Cedar Roofing Shingles
Cedar shingles have been the material of choice for many roofs, especially in the northwestern US. Before the 1950s there was plenty of cedar heartwood, the part closest to the center of the tree. It was hard, could be cut straight, and had natural toxins against insects and rot. It was considered the roofing material of choice for people who could afford it.
How are Cedar Shingles made?
The trees are harvested by loggers and delivered to wood mills. Each log is cut into rounds, each one usually measuring about two feet long. The rounds are split into v-shaped blocks and hand split into the cedar shakes used for roofing and siding. The shakes are sorted into bundles and sent to manufacturers. The remaining shavings and pieces are sometimes bought by companies that use them in composite shingles.
Some roofing makers pre-treat each shake with preservative and fire-retardant. Others recommend that the roofing installer or homeowner take these steps.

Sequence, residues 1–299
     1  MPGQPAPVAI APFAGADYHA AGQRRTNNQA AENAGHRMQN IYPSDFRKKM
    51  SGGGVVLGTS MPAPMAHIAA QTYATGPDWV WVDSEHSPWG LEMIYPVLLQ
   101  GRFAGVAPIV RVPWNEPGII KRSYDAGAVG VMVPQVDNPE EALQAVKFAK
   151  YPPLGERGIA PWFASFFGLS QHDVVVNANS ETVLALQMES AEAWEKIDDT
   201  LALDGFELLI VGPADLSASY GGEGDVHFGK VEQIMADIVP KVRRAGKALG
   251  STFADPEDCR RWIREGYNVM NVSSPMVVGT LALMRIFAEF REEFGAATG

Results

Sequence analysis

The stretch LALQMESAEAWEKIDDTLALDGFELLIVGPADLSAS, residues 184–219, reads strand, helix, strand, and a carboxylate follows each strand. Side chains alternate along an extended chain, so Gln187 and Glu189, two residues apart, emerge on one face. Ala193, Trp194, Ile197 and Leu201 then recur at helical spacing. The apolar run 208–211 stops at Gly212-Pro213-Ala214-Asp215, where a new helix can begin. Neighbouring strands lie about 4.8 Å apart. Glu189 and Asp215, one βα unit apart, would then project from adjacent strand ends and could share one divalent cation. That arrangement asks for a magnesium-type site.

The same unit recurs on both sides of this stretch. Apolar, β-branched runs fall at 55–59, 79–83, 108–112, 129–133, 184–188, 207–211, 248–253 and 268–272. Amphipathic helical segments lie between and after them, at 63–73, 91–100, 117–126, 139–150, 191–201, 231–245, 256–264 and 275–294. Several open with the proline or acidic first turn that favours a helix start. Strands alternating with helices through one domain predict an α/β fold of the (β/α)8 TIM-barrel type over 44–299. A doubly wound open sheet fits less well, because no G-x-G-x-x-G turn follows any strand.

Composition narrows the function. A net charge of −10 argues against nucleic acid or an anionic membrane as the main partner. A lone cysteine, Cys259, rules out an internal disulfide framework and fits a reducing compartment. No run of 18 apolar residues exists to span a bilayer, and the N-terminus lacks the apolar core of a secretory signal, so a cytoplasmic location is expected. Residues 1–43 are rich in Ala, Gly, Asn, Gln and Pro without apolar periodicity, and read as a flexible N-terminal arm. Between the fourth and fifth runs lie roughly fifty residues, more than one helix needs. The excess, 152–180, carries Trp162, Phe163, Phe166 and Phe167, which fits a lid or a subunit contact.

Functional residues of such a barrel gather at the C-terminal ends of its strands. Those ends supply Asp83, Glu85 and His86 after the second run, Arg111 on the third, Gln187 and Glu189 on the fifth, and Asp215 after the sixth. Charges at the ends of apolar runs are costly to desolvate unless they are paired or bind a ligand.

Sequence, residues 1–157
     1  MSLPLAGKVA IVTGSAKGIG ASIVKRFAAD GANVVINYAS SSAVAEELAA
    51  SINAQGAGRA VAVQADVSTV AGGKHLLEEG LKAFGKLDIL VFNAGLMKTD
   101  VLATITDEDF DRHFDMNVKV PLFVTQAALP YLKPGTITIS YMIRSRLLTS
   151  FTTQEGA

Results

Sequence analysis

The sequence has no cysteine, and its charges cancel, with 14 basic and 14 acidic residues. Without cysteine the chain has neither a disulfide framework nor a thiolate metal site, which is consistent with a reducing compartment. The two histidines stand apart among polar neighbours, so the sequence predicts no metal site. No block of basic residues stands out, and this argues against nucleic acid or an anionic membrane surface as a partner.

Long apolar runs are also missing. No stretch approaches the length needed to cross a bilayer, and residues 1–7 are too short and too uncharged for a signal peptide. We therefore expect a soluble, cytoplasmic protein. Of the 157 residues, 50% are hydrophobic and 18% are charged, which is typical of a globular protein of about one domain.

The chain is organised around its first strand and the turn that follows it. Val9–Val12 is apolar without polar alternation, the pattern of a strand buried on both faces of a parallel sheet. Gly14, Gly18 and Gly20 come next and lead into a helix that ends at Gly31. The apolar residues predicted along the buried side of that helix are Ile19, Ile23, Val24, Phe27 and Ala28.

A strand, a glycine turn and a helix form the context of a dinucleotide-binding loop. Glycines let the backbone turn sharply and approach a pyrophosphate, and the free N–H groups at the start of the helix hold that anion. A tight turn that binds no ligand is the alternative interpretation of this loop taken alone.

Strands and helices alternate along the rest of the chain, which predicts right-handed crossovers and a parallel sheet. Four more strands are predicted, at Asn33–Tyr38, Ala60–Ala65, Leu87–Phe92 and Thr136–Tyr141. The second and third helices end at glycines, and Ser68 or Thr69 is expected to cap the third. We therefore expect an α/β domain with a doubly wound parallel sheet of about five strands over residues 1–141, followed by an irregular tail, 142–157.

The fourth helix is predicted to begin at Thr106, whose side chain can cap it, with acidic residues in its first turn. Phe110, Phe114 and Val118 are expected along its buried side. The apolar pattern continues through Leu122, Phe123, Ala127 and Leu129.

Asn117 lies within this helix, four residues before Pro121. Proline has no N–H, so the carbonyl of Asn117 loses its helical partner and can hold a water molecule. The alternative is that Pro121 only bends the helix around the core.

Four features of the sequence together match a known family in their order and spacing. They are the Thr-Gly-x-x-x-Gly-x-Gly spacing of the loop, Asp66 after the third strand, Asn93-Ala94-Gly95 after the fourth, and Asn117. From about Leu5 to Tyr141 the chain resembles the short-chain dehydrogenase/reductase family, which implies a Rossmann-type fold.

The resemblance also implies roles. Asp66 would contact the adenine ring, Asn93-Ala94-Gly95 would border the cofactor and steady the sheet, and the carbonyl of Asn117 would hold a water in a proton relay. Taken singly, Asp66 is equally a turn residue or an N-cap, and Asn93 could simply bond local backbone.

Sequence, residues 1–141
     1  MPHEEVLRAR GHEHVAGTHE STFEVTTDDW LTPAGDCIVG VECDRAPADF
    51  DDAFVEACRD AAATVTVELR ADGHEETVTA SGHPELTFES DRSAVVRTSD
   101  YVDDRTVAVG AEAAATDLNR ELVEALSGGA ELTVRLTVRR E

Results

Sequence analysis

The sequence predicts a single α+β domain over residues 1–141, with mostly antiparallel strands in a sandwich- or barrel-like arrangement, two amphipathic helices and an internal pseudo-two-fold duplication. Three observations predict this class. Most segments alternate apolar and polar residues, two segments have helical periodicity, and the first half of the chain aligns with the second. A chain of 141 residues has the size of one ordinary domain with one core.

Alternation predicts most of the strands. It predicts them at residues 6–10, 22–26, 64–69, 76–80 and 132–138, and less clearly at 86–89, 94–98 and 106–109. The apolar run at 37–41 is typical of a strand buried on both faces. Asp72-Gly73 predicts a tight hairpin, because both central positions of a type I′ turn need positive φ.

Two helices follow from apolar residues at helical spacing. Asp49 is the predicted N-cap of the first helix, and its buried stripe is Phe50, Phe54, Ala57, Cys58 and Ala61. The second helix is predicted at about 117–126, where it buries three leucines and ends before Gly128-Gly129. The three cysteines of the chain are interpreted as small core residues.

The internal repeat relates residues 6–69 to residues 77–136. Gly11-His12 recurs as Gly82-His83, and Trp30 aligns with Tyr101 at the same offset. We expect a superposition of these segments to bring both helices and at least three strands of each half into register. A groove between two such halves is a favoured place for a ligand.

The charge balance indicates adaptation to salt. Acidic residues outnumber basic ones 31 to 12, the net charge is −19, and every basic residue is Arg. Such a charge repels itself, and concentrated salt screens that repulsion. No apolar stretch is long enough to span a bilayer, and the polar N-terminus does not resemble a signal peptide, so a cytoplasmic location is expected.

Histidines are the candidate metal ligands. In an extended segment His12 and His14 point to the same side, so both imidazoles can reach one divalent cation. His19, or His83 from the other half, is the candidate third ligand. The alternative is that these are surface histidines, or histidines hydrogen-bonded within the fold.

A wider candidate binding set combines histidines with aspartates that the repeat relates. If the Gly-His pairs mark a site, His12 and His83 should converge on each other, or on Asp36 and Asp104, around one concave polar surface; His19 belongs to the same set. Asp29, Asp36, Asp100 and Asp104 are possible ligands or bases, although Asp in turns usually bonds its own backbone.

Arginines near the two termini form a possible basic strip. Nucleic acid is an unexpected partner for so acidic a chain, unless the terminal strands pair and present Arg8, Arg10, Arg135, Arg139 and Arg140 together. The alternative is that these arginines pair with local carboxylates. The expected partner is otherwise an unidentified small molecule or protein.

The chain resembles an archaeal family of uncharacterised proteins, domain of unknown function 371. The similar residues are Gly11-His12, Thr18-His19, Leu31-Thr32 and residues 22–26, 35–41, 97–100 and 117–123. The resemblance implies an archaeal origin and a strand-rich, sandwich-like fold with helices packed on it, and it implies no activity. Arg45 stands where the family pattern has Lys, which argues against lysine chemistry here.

How long do Cedar shingles last?
Nowadays, not very long: some roofs start deteriorating within six years. The good news for people, who don't mind imitations, is that there are some quality look-alike products made of composites. Treating with a wood preservative every two or so years, and replacing damaged shingles will prolong the life of the roof. Some well-cared for cedar shingled roofs can last for at least 20 years.
Common problems with Cedar Shingles
Although cedar shingles are traditionally made from the heartwood, today's shingles are often taken closer to the outside of the tree This wood is called "sap wood" and is inferior to heartwood in several ways: it doesn't cut in a straight grain and it hasn't developed the natural toxins of heartwood. This younger cedar is subject to fire and wood rot. Also, most roofs aren't pitched as steeply, so less water runs off.
Fire danger is severe. It isn't wise to have a cedar roofed house in an area surrounded by trees. No matter where the house is, cedar roofs should be treated with a fire retardant.
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Cedar Shingle Ratings
Buy only cedar shingles that are number 1, blue label rated. Examine each shingle in a bundle as inferior grades are often mixed in. Quality and properly cared for cedar shingles can last for 30 years, withstand hail storms, and winds up to 130 mph.